mapper = function(key, val.df) {  
  # Remove header lines
  val.df = subset(val.df, Review != 'Review')
  output.key = data.frame(Review = as.character(val.df$Review),stringsAsFactors=F)
  output.val = data.frame(val.df$Review)
  return( keyval(output.key, output.val) )
}

 

Reducer:

The reduce phase will then sum up the number of times each word was seen and write that sum count together with the word as output.

There are two sub parts that internally works before our code gives its final result, that are shuffle and short. Shuffle just to collect similar type of works into single unit and Short for shorting data into some order.

reducer = function(key, val.df) {  
  output.key = key
  output.val = data.frame(score.sentiment(val.df, pos_words, neg_words))
  return( keyval(output.key, output.val) )  
}

 

Running your Map-Reduce:

Executing the map-reduce logic program.

mr.sa = function (input, output) {
  mapreduce(input = input,
            output = output,
            input.format = asa.csv.input.format,
            map = mapper,
            reduce = reducer,
            verbose=T)
}
out = mr.sa(hdfs.data, hdfs.out)

------- output on screen ------
> out = mr.sa(hdfs.data, hdfs.out)
16/09/09 10:11:30 WARN util.NativeCodeLoader: Unable to load native-hadoop library for your platform... using builtin-java classes where applicable
packageJobJar: [/usr/local/hadoop/data/hadoop-unjar2099064477903127749/] [] /tmp/streamjob6583314935744487158.jar tmpDir=null
16/09/09 10:11:33 INFO client.RMProxy: Connecting to ResourceManager at localhost/127.0.0.1:8050
16/09/09 10:11:33 INFO client.RMProxy: Connecting to ResourceManager at localhost/127.0.0.1:8050
16/09/09 10:11:36 INFO mapred.FileInputFormat: Total input paths to process : 3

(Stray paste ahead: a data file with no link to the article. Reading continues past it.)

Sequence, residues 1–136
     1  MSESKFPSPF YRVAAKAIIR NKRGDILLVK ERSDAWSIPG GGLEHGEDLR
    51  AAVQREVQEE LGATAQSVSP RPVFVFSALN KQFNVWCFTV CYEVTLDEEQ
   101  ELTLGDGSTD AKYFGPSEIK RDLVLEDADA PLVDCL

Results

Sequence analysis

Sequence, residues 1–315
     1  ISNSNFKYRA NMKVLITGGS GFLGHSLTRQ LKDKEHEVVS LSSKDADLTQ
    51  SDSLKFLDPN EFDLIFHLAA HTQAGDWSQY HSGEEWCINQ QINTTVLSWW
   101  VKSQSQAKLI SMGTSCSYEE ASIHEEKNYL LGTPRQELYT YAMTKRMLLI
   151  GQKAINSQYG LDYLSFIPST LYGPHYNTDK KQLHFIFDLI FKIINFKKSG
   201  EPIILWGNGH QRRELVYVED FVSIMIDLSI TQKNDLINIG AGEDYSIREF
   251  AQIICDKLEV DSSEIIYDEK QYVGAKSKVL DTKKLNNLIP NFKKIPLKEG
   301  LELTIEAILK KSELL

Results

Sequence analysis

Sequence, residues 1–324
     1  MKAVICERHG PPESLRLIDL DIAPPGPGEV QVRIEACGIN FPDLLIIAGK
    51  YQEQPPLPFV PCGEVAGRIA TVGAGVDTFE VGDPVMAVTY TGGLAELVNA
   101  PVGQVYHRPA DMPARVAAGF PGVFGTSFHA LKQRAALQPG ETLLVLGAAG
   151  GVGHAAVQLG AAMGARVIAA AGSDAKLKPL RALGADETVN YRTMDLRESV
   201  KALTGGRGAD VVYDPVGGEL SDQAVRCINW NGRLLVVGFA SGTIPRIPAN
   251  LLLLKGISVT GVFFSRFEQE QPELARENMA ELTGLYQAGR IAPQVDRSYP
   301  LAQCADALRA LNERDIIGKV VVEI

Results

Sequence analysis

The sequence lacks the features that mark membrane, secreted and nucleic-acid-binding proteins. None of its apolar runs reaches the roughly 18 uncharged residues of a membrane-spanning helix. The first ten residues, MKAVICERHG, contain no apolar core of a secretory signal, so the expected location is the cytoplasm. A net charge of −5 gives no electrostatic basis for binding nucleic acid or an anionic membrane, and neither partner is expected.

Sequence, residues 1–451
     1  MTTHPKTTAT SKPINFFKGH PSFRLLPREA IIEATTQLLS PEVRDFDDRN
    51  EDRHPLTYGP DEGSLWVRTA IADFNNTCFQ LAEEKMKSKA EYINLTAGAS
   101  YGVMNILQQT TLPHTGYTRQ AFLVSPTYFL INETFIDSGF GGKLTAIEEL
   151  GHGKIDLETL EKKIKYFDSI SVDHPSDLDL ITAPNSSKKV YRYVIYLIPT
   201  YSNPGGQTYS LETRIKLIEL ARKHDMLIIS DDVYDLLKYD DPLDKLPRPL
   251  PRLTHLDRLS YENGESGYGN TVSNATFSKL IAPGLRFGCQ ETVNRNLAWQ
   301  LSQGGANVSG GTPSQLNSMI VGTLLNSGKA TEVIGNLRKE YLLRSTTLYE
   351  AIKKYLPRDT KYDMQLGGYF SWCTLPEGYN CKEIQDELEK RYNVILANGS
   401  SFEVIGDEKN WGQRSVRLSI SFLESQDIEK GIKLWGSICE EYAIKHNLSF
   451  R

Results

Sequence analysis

16/09/09 10:11:36 INFO mapreduce.JobSubmitter: number of splits:4
16/09/09 10:11:38 INFO mapreduce.JobSubmitter: Submitting tokens for job: job_1473394634383_0002
16/09/09 10:11:39 INFO impl.YarnClientImpl: Submitted application application_1473394634383_0002
16/09/09 10:11:39 INFO mapreduce.Job: The url to track the job: http://manohar-dt:8088/proxy/application_1473394634383_0002/
16/09/09 10:11:39 INFO mapreduce.Job: Running job: job_1473394634383_0002
16/09/09 10:11:58 INFO mapreduce.Job: Job job_1473394634383_0002 running in uber mode : false
16/09/09 10:11:58 INFO mapreduce.Job:  map 0% reduce 0%
16/09/09 10:12:27 INFO mapreduce.Job:  map 48% reduce 0%
16/09/09 10:12:37 INFO mapreduce.Job:  map 100% reduce 0%
16/09/09 10:13:22 INFO mapreduce.Job:  map 100% reduce 100%
16/09/09 10:13:35 INFO mapreduce.Job: Job job_1473394634383_0002 completed successfully
16/09/09 10:13:36 INFO mapreduce.Job: Counters: 50
    File System Counters
        FILE: Number of bytes read=1045750
        FILE: Number of bytes written=2580683
        FILE: Number of read operations=0
        FILE: Number of large read operations=0
        FILE: Number of write operations=0
        HDFS: Number of bytes read=679293